by Professor Richard Roberts, King's College London
The latest turn, announced by Tidjane Thiam, the chief executive, in October 2015 has a novel feature — the creation of a ring-fenced Swiss Universal Bank — CHUB — whose IPO, slated for later this year, would have raised up to $6bn of additional capital through the sale of 20%-30% (though it may no longer go ahead).
The Swiss entity is the "jewel in the crown" of the group, according to rival bankers, but that's no accident.
From the 1960s Credit Suisse specified a "50:50 rule", requiring the maintenance of a roughly equal balance between domestic and international activities, designed to maintain its standing as a Swiss bank despite expansion overseas.
The trouble was, there were a lot more opportunities for growth in the burgeoning Euromarkets than in the bounded and crowded Swiss domestic market. In the post-war decades, Credit Suisse lagged behind UBS and SBC in domestic branches and balance sheet.
This was partly because in Switzerland it was first and foremost a commercial bank, whereas its rivals vigorously expanded their retail operations, gathering deposits that they deployed in other activities. A major acquisition in 1976 reversed the domestic stagnation, while the bank’s new-found enthusiasm for retail was expressed in the slogan: "Credit Suisse — there for everyone".
Credit Suisse was the foremost beneficiary of a consolidation wave among Swiss banks in the 1990s, triggered by other banks’ losses on — as ever — real estate lending.
Highlights were its acquisitions of Bank Leu, the oldest Swiss bank and sixth largest, in 1990 and Swiss Volksbank, the fourth biggest, in 1992.
By the mid-1990s Credit Suisse was the largest Swiss domestic bank — until the merger of rivals UBS and SBC in 1997. CS also moved into insurance with the creation of CS Life in 1989 and then a merger with Swiss insurance giant Winterthur in 1997. But the "Allfinanz" drive did not work out; Winterthur was sold to Axa in 2006. Nevertheless, from this point, Credit Suisse’s formidable Swiss universal bank was increasingly the star of the show.
In wholesale, Credit Suisse developed international trade financing from the 1920s. It opened its first foreign branch in New York in 1940 at start of the war, partly as a safeguard in case the Germans invaded.
Euromarket operations developed from 1962 through a partnership with White Weld, an internationally orientated US investment bank; their joint venture Credit Suisse White Weld was a formidable force in the Euromarkets in the 1960s and 1970s and home to some of the market's biggest stars. These years also saw the creation of Credit Suisse’s own international network of offices.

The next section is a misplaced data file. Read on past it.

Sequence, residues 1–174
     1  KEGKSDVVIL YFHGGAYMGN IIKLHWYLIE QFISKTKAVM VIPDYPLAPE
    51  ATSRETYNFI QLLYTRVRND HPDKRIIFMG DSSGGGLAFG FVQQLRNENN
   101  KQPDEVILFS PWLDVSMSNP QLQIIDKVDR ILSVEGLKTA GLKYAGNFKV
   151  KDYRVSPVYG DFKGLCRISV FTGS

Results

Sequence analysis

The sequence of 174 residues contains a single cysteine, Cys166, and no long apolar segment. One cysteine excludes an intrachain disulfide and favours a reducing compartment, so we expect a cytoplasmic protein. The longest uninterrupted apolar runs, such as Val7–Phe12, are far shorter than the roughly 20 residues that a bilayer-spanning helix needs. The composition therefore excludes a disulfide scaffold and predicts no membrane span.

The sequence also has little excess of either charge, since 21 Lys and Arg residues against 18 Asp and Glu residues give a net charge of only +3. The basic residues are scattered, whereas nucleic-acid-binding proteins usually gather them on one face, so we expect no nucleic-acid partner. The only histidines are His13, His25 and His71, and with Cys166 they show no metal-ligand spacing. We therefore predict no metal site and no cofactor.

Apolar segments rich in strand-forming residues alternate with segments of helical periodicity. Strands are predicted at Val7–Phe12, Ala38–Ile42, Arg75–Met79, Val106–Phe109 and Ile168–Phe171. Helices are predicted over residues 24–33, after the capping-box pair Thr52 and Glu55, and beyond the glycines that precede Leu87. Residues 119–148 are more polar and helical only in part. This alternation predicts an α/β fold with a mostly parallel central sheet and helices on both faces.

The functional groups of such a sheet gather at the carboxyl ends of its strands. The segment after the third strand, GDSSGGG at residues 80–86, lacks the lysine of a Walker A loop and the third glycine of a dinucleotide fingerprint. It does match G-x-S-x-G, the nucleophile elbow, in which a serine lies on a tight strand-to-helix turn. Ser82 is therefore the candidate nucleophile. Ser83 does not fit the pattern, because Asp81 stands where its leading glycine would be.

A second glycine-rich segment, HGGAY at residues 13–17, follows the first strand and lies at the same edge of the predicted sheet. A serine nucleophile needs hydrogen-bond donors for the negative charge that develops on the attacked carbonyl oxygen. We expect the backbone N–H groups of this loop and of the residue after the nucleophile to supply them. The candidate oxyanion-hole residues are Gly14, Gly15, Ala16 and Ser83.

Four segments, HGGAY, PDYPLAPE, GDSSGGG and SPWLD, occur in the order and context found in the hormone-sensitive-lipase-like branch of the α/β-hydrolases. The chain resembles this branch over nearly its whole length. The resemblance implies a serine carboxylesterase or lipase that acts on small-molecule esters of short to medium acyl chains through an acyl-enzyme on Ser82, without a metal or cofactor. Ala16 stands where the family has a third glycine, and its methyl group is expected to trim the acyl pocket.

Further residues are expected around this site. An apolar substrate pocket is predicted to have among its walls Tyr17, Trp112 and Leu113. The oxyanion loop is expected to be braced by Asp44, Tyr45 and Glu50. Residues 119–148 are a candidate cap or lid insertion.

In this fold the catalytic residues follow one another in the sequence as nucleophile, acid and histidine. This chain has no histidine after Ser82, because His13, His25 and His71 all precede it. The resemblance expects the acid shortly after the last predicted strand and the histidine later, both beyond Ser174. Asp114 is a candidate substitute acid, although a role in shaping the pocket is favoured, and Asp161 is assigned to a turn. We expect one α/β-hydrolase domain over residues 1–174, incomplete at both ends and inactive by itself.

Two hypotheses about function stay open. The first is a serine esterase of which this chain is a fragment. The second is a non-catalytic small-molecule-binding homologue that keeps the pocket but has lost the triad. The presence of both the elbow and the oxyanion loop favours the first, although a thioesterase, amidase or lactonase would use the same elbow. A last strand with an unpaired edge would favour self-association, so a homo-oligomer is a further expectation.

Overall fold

When White Weld was acquired by Merrill Lynch in 1978, Credit Suisse created a new partnership with First Boston, a bulge bracket heavyweight; Credit Suisse First Boston was also a leading player in the international capital markets. Credit Suisse subsequently acquired First Boston and the brand disappeared in a 2006 restructuring. International investment banking operations were extended through acquisitions including UK merchant bank BZW in 1997, and Wall Street investment bank and high yield specialist Donaldson, Lufkin & Jenrette in 2000, the latter at the top of the market and soon turned sour prompting yet another restructuring.
Credit Suisse’s string of mishaps began with the Chiasso scandal in 1977, then the biggest ever to strike a supposedly staid Swiss bank. Managers at the Chiasso branch near the Italian border offered illicit Italian capital flight depositors 8% interest with an unauthorised Credit Suisse guarantee. Around $1bn of funds were placed with a Liechtenstein finance company that proved to be essentially a Ponzi scheme.
Another mishap of a very different sort stemmed from its leading role as a foreign bank in post-Communist Russia, establishing the first Swiss bank office in Moscow in 1991. When Russia devalued and defaulted on state debt in 1998 Credit Suisse was a major casualty with a Sfr1.9bn write-down and half the 350 staff let go.
The following year its licence to operate in Japan was suspended by the authorities for providing window dressing services for clients through derivatives that helped them hide losses.
The current restructuring is, arguably, a response to another such acute mishap, in the shape of the bank's multi-billion settlement for RMBS mis-selling in the US. But there's a regulatory push too. It's raising capital to meet higher regulatory requirements and strengthening the ring-fenced Swiss entity while also building its private banking and wealth management activities and reining back on investment banking.
All fair enough — until the next accident, and the next restructuring.